The Wagnerian Podcast No 1: Siegfried Wagner & Richard Strauss conduct Tristan

Written By The Wagnerian on Sunday, 18 September 2011 | 1:58:00 am

"At lunch a dismal occurrence; Fidi (Siegfried) behaves badly toward his father; the dreadful thought that he might prove unworthy of him takes possession of me, and this thought, instead of being turned against myself in resigned acknowledgement of original sin, turns inside me against my child, and I hit him, so violently that it causes bruises." Cosima Wagner's Diaries: 22 July 1878

Siegfried & Richard
There is much, now public domain/copyright free, Wagner performances out there, yet oddly it is very difficult to hear much of it. The aim of these podcasts is an attempt to make some of this available. I might also include the odd interview or review - time and interest permitting.

So with that in mind I thought the following might be of interest. In podcast one I include two historic recordings of the Vorspiel from Tristan und Isolde. First, you will hear Siegfried Wagner's recording of both the Vorspiel & Liebestod from 1926 (probably slightly less "lyrical" than many of Siegfrieds performances of his father's works). This is then followed by Richard Strauss conducting the Vorspiel alone in Berlin two years later in 1928. Given their ages, the recordings are of course well below modern recording standards but are, I think, "passable" nevertheless - but for Wagner "enthusiasts only.

Wagnerian Podcast 1


Siegfried Wagner: 

The following description of Richard Strauss early complex relationship with Wagner is taken from Richard Strauss net and can be read in full there:


“Lohengrin is a sweetish inanity“ … “the horn parts in Die Meistersinger are actually parts for the clarinet“ – Franz Joseph Strauss, Richard’s father and first hornist of the Munich Court Orchestra, scarcely missed an opportunity to inveigh against Richard Wagner’s music. His artistic creed centred on the “trinity of Mozart (above all), Haydn and Beethoven“. On the day after Wagner’s death he was the only member of the orchestra who refused to rise in commemoration of the deceased.

Richard Strauss
It is all the more surprising how soon Richard Strauss shook off the hatred of Wagner he had inherited from his father. Statements like the following one, after a performance of Siegfried, were rapidly to become a thing of the past: “The introductory passage is a long-drawn-out drum-roll with the bass tuba and bassoons roaring out deep notes so stupidly that I couldn’t help laughing … not a trace of coherent melody … and again the initial roar … utter chaos, I would say.”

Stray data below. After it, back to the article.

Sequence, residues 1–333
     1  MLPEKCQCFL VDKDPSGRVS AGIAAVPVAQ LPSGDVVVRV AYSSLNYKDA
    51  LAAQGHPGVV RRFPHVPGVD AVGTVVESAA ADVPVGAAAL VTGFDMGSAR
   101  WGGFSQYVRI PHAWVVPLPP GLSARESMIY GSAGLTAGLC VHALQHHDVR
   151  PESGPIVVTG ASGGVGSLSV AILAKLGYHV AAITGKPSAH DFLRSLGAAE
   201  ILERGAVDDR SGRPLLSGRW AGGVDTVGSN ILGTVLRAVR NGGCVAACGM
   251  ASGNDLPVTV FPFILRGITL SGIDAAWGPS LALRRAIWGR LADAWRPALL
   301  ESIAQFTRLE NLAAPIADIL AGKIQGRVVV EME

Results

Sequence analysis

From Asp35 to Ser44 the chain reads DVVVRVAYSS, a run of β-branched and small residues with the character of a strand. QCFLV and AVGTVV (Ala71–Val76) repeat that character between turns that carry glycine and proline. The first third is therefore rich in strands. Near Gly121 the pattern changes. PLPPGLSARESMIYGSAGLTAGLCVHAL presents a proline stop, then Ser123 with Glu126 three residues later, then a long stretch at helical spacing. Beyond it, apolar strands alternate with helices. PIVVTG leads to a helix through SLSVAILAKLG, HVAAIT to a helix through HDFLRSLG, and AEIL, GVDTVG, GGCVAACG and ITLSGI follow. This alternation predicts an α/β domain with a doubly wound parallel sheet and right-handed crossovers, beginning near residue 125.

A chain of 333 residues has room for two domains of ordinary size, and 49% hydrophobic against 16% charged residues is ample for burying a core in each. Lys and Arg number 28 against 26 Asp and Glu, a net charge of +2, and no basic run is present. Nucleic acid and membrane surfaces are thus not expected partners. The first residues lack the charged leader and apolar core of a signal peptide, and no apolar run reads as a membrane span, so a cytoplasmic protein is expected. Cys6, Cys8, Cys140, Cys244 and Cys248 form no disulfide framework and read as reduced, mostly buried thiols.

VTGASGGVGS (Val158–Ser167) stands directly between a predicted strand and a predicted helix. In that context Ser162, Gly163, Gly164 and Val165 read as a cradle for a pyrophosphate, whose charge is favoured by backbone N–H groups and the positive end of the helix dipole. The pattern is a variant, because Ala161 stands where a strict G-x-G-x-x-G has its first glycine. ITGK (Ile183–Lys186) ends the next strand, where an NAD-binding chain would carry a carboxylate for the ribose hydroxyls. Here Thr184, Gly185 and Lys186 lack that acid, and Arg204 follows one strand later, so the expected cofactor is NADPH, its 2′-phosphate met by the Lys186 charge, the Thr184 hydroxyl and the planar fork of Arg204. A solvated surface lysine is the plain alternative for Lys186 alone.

Strauss eagerly imbibed the “poison”, as his father used to call it, clandestinely at first in order to avoid scandal in the family, then quite openly, particularly when voicing his enthusiasm about Tristan, the “most splendorous belcanto opera” (Strauss in 1886 after a rehearsal in Bologna). 

As early as 1882, his father most reluctantly decided to reward Richard for having successfully completed grammar school by taking him along to Bayreuth for a performance of Parsifal. When he encountered Maestro Wagner in person, however, Richard simply dared not address him – a missed opportunity.

Strauss’ early compositions clearly show how much he was already under Wagner’s spell. His actual
involvement with Bayreuth, however, only came about at a later date: Hans von Bülow, a disciple of
Liszt’s and Cosima Wagner’s first husband, mediated Strauss’ appointment as musical director at Meiningen. Bülow’s later dictum, “Wagner is Richard I, there is no Richard II, so Strauss is Richard III”, was soon to become legend.